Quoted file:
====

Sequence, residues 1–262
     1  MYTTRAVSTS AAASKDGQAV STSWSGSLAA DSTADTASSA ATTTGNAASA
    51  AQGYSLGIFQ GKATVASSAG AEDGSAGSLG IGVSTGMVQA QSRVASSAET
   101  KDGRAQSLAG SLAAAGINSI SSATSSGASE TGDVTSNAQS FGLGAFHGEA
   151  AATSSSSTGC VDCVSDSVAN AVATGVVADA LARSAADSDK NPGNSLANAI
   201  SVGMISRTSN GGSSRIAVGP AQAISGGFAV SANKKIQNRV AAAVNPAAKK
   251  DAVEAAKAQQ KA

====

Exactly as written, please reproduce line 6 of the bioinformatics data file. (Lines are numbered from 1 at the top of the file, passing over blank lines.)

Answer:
   201  SVGMISRTSN GGSSRIAVGP AQAISGGFAV SANKKIQNRV AAAVNPAAKK